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October 05, 2000

Jasmine Jello

"Yeah, jasmine jello melts in your mouth, and it's tangy, and slides down your throat, and is minty and sweet, and smells good, and... I wanted to tell you about it, Yuusuke. I thought that it would make you feel better."

Thus says Noelle, speaking to Yuusuke, her 'husband', who is recovering
from a cold in the fourth episode of 'Tenshi ni Narumon'. The reason I
quote it is that I think it somehow says something about my feelings
toward the series, like a poem. And like a poem, I don't really know
what the hell that is.

I know for a fact that some members have already had a sampling of this
series, having inflicted it on them myself. So maybe I should find
something else to review, but I feel compelled to write about this
series anyway. Call it therapy.

Let me kind of set the stage here. When hordes of NOVA members were
watching Marmalade Boy, I was right there with them. The light humor and
unorthodox relationships tickled my funnybone. But when Child's Toy was
making the rounds, I managed to miss the whole thing. For some reason
the peculiar elements of the series just didn't resonate with me.

Now I find myself fascinated with a new series which has elements of
both. The romantic cross-currents of Marmalade Boy are there, and the
goofy non-sequitur humor of Child's Toy is mixed in as well. But the
creator has a hyperactive imagination, and an overdeveloped sweet tooth,
resulting in a series where C-ko has joined the Munsters in an extended
reinterpretation of Urusei Yatsura.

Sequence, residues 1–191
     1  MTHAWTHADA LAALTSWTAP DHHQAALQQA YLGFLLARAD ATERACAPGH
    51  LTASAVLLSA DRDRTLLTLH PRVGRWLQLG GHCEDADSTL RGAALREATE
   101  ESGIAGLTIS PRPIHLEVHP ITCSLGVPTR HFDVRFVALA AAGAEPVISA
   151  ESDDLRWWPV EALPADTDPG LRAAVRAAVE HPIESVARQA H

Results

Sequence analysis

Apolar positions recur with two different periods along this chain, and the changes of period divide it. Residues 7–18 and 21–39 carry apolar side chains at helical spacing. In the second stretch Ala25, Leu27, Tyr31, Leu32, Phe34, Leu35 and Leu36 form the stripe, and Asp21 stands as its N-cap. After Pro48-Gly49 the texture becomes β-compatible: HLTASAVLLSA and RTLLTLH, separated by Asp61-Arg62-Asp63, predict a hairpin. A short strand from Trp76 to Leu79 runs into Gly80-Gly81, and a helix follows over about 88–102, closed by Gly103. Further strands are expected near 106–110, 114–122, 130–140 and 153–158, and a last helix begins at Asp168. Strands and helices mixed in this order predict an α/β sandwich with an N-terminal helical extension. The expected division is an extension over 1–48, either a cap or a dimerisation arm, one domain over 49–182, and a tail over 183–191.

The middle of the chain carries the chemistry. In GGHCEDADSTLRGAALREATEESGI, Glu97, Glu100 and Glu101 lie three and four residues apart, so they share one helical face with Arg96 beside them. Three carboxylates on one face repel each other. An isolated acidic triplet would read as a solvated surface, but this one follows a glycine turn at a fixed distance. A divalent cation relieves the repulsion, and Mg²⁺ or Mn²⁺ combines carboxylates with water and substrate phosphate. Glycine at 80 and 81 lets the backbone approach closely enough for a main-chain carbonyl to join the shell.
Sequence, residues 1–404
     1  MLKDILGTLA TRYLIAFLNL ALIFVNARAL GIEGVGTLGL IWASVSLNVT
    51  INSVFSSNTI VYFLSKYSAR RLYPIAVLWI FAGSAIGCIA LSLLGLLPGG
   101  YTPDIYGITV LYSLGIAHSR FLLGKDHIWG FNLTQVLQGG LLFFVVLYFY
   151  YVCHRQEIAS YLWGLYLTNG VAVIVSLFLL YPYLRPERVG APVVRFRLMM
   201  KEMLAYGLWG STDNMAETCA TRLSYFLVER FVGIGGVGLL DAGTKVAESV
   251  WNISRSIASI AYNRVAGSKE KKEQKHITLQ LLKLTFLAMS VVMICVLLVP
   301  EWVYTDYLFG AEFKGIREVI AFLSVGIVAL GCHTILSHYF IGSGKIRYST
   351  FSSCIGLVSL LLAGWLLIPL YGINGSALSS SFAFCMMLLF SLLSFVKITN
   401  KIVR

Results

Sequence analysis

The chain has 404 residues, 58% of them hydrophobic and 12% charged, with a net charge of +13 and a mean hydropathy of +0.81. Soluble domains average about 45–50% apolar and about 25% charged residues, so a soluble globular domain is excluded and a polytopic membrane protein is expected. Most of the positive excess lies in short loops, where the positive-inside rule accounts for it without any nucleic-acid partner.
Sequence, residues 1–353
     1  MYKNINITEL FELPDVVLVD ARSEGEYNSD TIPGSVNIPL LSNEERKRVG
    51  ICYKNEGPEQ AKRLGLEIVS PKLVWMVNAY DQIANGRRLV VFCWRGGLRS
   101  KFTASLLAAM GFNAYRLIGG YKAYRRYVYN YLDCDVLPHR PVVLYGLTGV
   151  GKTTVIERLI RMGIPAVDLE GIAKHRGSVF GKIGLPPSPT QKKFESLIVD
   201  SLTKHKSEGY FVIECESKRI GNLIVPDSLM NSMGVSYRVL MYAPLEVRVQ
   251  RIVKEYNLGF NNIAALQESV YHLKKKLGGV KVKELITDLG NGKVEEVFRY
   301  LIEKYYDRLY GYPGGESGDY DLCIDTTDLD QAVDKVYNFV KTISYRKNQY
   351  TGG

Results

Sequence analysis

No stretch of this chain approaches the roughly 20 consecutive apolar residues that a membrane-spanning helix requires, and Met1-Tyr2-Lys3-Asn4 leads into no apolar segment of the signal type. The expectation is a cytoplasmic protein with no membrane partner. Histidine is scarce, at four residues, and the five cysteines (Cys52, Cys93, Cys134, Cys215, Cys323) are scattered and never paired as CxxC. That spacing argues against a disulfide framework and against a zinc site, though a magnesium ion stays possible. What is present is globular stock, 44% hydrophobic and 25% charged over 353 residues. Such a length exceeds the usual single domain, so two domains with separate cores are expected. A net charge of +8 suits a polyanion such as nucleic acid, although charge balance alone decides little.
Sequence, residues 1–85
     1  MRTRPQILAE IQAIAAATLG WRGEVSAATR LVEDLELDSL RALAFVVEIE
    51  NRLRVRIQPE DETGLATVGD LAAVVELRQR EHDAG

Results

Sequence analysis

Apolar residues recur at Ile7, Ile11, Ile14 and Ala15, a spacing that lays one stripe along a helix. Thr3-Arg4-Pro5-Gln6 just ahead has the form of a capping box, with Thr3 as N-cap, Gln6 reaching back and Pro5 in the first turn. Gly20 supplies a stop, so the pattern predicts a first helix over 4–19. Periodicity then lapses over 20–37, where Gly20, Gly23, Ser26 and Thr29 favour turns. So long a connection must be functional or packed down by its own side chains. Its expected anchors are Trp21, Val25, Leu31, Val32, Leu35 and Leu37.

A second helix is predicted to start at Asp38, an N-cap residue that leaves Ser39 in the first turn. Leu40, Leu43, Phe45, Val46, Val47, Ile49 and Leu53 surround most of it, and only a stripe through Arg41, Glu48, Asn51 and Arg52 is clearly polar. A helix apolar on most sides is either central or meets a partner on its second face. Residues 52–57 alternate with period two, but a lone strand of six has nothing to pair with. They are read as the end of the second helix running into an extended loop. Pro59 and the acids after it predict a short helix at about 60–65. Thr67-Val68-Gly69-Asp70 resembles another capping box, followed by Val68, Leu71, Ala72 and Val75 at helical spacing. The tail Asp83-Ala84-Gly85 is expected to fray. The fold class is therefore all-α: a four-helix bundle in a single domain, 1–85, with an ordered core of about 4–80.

Maybe that's the key here. I was a faithful subscriber and charter
member of AnimEigo's Urusei Yatsura club, and I just couldn't get
enough. Lum was probably the first anime female I fell in love with. And
the premise of the series, an Earthly loser trapped into a marriage
alliance with an alien demon who seems oblivious to his failings and a
powerful family which threatens him with anihilation (albeit usually
subtly) seems to be an unwritten cultural subtext. One that just grabs
me in the gut and then shoots me with a million volt lightning bolt.

How's that for creepy fixation talk? Well, it gets worse folks. I'm here
to assure all you secret double agents infiltrating the club for Pat
Robertson that I have no lustful feelings for Noelle. Who could really
feel lust in their heart for C-ko? I mean really! No, what is charming
about this series is the premise--which in many ways mirrors that of
Urusei Yatsura--and the neverending panoply of goofball visual
enchantments. Where else but in Tennimon (the playful nickname bestowed
on the series by it's fans) can you encounter a rubber WWF-style
wrestler, a bishonen villain straight out of the heyday of Heavy Metal
magazine, giant robots that seem to come from a Hello Kitty
catalog--hey, stop me if your head begins to spin. Dr. Slump never had
it this weird!

Without committing the sin of spoiling the entire series by giving
blow-by-blow descriptions of the episodes I've seen so far, let me
briefly review the setup. Yuusuke is a high school student who one day
accidentally stumbles upon Noelle, literally. When he further
accidentally kisses her, she declares that he is her husband. From there